Thursday, August 31, 2017

China: Jiuzhaigou National Park (Part 1)

With one thing and another, I have been unconscionably late in keeping this blog up to date.  For my readers who are still with me, I now take up again the tale of our October 2014 tbus our through the Chinese province of Sichuan.  Though our tour through Sichuan was not designed for naturalists, it could hardly avoid one of the great natural wonders in the world and still claim to be a self-respecting tour of the province.  That meant that we had a full day to explore the amazing coloured lakes of Jiuzhaigou National Park, a spectacle that draws as many as 40,000 tourists a day.

Traffic in the park, given the huge number of visitors, is restricted to a fleet of tourist buses that make regular stops at the various lookout points along its two main paved roads.  Private cars and buses are not allowed, so our own tour bus could only take us as far as the ticketing area at the main entrance.  From there, we were (blissfully) on our own.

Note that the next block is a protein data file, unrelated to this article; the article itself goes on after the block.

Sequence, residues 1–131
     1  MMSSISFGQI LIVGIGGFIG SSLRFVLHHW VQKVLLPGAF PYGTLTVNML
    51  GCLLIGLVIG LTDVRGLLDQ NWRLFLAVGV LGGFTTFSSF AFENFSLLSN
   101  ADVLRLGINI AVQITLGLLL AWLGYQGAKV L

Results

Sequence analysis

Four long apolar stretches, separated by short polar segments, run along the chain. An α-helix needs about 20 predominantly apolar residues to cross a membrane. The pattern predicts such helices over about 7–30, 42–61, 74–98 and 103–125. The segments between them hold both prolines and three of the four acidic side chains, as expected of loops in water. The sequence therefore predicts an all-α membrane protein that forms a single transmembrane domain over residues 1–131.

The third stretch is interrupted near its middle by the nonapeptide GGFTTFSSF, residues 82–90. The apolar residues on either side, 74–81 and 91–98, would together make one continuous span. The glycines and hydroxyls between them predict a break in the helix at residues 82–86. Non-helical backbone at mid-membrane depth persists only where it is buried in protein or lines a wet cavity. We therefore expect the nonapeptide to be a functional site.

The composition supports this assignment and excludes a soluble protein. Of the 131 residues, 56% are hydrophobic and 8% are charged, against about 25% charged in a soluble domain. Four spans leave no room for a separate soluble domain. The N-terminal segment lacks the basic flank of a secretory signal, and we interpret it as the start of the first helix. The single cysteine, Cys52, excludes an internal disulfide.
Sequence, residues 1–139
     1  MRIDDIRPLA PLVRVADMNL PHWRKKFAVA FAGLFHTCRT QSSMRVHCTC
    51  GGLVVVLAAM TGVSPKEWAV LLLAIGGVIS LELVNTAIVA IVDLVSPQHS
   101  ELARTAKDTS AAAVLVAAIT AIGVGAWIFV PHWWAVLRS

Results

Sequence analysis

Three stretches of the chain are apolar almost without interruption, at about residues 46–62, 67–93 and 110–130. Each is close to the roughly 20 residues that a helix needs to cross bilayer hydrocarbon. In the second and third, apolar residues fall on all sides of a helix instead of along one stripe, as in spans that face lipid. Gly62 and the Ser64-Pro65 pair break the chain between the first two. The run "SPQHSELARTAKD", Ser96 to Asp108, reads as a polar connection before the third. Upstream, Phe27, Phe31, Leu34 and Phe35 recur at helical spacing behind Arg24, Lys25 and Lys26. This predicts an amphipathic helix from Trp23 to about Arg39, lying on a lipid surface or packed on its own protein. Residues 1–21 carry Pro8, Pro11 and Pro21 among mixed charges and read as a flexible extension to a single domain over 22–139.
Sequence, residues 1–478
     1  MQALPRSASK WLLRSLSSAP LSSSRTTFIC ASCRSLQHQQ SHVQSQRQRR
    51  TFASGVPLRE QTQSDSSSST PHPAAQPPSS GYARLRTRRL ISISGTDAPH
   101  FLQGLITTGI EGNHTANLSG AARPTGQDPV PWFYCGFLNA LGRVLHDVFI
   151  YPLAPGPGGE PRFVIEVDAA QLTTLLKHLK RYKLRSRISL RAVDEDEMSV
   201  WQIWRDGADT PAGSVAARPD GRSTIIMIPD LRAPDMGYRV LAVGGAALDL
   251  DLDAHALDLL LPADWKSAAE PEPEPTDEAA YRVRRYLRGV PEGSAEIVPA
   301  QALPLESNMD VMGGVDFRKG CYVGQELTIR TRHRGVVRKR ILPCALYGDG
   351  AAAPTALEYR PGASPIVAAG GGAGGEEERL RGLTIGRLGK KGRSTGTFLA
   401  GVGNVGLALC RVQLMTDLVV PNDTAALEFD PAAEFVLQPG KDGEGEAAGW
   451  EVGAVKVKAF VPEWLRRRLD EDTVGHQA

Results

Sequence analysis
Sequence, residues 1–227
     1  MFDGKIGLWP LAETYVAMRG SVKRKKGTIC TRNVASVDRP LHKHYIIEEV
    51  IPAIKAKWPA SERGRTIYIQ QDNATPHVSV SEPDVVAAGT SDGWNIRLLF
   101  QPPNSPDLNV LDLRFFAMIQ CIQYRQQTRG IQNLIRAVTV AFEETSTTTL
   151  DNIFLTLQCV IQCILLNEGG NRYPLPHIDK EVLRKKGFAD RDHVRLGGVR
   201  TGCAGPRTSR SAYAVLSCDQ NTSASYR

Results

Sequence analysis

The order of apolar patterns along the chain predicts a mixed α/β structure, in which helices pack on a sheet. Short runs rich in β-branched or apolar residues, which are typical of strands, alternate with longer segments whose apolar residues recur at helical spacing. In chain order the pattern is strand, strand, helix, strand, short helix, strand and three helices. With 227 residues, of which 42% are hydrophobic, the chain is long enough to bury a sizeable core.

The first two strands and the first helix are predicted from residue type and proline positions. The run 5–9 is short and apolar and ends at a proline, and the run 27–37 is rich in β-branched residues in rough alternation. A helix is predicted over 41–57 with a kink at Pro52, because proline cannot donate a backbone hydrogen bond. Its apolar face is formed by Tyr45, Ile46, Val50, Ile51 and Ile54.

A considerable advantage of this arrangement, for us, was that we were able to spend the day with our friends.  Though they were the very people who had invited us on the trip in the first place, the tour agency had assigned us to separate buses and refused to alter the arrangement.  As even meals were taken in shifts this meant that we were usually restricted to waving at each other as we entered and left the various dining halls. At Jiuzgaigou, though, we were finally together – and, as this photograph shows, we were pretty happy about it.